When you think about your favorite landscape photos, the images that come to mind are probably classic shots of forests, mountains and natural rock formations. And they are probably daytime images, too, with an occasional sunset and sunrise thrown in for good measure.

We don’t really see a lot of landscape images shot at night, which is actually a bit surprising when you think about it. Because nighttime landscapes can be quite stunning, if you know the right tricks.
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Three Photography Basics

Three Photography Basics

In the days before point and shoot cameras – back when SLR cameras didn’t have any automatic features at all, everyone who wanted to take photographs had to understand the basic principles of exposure. Film was expensive and you just couldn’t afford to waste a shot on a guess, so you had to really understand how your camera functioned and what settings you needed to use to ensure a correct exposure.

Today we have the great luxury of the “auto” setting, and because of that a lot of us have gotten lazy. So lazy, in fact, that there are some people who love photography, own DSLRs and consider themselves to be photographers on at least some level that still don’t understand those very basic principles of exposure. And for those of us who do have a basic understanding, a quick review is never a bad thing. Ready?
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Take Interesting Photos In Boring Places

Take Interesting Photos In Boring Places

This week I received a letter from a reader who asks a very poignant question. Olivia Polerowicz wants to know:

“I was wondering how to take good pictures in not so interesting places. The thing is, I live in a not particularly interesting place and so my photos kinda show it. I have a problem with trying to find the right subject and how to make it interesting. I have the right camera and everything. I was wondering if you could help?”

Sure, I’m happy to help!
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Taking Creative Couples Portraits

Taking Creative Couples Portraits

If you use social media, the chances are pretty good that you’ve seen at least one of the many photo montages circulating the Internet entitled “bad wedding photos“, “awkward couples photos” or some variation thereof. If not, just Google it, because some of those images are pretty hilarious.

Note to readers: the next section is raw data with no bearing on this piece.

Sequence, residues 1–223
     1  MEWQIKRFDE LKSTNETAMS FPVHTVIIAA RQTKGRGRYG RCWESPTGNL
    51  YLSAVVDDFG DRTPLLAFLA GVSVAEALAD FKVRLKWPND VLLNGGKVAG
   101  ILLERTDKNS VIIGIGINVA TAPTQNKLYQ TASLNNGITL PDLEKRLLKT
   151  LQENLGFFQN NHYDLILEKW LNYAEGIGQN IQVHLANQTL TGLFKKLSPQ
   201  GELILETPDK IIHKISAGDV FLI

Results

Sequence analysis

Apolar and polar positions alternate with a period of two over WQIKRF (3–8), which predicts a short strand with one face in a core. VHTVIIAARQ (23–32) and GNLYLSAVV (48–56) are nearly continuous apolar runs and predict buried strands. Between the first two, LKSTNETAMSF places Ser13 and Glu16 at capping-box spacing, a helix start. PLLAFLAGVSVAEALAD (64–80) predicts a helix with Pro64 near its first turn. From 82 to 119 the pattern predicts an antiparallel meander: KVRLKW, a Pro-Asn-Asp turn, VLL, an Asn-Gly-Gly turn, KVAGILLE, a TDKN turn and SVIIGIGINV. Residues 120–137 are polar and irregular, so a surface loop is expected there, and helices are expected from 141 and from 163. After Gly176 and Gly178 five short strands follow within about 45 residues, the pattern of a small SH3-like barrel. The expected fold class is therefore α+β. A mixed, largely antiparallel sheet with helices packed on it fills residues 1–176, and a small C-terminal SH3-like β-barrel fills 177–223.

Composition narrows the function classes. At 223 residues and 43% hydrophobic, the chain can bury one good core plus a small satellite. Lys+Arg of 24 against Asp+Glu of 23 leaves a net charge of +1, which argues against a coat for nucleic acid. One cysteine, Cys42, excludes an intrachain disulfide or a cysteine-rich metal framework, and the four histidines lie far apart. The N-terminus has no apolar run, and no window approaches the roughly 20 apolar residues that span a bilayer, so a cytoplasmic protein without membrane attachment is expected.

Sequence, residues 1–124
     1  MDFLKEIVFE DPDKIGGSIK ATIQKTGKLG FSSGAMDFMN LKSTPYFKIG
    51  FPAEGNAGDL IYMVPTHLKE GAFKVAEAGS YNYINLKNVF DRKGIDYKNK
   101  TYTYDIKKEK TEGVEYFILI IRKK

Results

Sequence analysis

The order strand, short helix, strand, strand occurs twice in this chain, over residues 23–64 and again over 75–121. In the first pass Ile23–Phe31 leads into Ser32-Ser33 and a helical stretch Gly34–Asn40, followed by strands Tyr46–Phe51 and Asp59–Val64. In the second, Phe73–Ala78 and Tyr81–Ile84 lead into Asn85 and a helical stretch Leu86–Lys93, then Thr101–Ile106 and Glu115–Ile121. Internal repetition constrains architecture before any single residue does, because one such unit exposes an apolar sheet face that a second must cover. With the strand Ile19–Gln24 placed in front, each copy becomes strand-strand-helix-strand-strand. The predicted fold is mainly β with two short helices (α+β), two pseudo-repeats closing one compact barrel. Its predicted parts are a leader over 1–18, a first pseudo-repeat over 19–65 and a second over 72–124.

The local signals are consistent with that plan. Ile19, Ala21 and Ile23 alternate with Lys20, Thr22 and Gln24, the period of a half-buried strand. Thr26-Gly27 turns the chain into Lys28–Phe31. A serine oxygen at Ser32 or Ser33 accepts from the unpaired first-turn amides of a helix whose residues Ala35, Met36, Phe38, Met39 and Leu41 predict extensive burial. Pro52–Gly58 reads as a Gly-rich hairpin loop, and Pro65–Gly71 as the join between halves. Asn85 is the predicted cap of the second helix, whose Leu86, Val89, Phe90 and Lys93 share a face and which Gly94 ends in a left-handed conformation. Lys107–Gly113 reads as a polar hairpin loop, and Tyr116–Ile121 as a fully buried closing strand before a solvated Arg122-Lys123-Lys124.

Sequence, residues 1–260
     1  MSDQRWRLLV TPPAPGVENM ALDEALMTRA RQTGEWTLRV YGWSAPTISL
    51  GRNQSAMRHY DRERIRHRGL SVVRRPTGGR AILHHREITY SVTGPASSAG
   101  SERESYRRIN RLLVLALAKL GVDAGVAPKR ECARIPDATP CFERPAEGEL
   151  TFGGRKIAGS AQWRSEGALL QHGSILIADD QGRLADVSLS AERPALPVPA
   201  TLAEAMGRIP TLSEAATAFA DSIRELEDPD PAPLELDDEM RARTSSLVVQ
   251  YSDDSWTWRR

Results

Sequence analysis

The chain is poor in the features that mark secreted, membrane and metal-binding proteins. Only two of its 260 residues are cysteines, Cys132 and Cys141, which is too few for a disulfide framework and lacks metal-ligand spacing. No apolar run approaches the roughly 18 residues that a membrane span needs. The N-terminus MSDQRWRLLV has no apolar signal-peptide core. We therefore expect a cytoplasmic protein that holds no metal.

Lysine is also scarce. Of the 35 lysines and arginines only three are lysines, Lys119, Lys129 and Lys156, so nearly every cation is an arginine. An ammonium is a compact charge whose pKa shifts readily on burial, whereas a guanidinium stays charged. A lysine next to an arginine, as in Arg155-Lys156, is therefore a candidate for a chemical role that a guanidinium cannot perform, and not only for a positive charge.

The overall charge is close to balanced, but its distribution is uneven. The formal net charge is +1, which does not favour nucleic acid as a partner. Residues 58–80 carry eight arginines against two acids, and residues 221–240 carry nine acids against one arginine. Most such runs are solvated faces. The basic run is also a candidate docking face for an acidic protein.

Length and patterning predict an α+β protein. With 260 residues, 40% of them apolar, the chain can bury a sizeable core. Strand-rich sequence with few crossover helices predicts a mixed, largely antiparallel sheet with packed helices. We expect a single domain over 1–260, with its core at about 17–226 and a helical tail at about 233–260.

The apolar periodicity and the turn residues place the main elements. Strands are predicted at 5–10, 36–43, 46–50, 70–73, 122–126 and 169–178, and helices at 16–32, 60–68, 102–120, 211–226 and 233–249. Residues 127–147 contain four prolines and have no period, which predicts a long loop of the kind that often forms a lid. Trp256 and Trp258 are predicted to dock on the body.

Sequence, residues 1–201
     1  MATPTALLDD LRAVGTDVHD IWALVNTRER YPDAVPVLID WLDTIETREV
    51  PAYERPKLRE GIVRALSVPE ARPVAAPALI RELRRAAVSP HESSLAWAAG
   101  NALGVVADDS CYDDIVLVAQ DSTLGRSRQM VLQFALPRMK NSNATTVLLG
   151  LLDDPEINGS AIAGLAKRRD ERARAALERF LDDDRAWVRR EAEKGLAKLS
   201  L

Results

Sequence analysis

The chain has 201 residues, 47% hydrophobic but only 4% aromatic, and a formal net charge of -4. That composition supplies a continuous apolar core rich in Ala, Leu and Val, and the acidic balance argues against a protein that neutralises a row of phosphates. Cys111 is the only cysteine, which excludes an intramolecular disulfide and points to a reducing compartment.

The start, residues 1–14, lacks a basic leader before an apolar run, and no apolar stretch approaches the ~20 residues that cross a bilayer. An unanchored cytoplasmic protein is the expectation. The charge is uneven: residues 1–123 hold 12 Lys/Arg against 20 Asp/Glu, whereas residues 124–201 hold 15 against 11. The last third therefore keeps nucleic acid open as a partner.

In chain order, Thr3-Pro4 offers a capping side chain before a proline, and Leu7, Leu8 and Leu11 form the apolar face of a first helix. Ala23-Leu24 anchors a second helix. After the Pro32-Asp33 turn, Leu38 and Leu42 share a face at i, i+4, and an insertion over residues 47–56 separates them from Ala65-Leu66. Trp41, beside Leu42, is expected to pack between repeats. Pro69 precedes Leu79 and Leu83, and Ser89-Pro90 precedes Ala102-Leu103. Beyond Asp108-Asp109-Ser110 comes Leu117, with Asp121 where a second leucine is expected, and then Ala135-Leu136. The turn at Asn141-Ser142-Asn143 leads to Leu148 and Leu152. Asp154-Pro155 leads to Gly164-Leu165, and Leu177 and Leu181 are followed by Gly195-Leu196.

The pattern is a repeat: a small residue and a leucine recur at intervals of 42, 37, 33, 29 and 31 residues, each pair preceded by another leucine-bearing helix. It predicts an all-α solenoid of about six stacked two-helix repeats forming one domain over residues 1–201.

Of course, there aren’t too many photographers who are so unsuited for their art that they would actually take truly awful couples photos under the auspices of professional photography. But there’s a fine line between bad couples photos and good couples photos, and if you regularly shoot these types of images it’s worth knowing the difference.
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Why You Don’t Need More Megapixels. Really.

Why You Don’t Need More Megapixels. Really.

Everyone knows that more is better. Eight gigabytes is better than four. 550 horsepower is better than 500. Five blades are better than four. And 12 megapixels are better than eight. Right? That is without a doubt what we have all been indoctrinated to believe, especially when it comes to technology. More is better. And sometimes it’s true. But before you take on blind faith the idea that a higher megapixel camera is automatically superior to the one you already own, it’s a good idea to look past the marketing at the facts.
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Improve Your Photography with Unusual Photographs

Improve Your Photography with Unusual Photographs

If I had to guess, I would say that 99 out of 100 hobby photographers never bend their legs. It’s not so hard to see why – human beings view the world mostly from one or two perspectives: standing up and sitting down. Occasionally we will also lie down in a place other than our beds or the sofa, but for the most part everything we see comes to us at a perspective of somewhere between five and six feet off the ground.

So most photographers don’t think about finding other angles, because the angle from which we view the world most of the time is so familiar and comfortable. But the sad truth is, it’s also boring. When you walk past that favorite city landmark and snap a photo of it, the chances are really good that your photo will look exactly like the last thousand photos that the last thousand photographers took of that same landmark–unless you spent some time thinking about your subject and how you could capture it in a unique way.
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Photographing Mushrooms

Filed in Macro, Tips by 5 Comments
Photographing Mushrooms

“Fungal photography.” That’s like viral photography, right? Only slower moving and … itchier. Actually, no. “Fungal photography” is the quite literal term used to describe what for many people is a passion – photographing mushrooms. You won’t find much glamour in this little corner of the photography world. Mushroom photography can be dirty – like a growing in dung kind of dirty – and since mushrooms prefer damp, cool places seeking them out can sometimes be a miserable endeavor. But viewed through a camera lens when the light is just right, a mushroom can have beauty that goes far beyond those still-dirty button mushrooms and portobellos you find in your supermarket. Finding and shooting mushrooms can be a great challenge both physically and artistically, which, of course, is why you should do it.
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Taking Great Photos at the County Fair

Taking Great Photos at the County Fair

Funnel cakes, ferris wheels and fun houses – what could be better than a county fair? With all those sights and lights, carnival photos should almost take themselves. Except that they usually don’t. So why is it so easy to capture blurry, chaotic and generally uninteresting shots at a carnival, and so hard to bring home photos that wow?

Carnival photography is tricky for a couple of reasons, and once you can pinpoint why your photos don’t have that wow-factor, you’ll be able to avoid those ever-present shooting conditions that create uninteresting photos even in that most interesting of settings.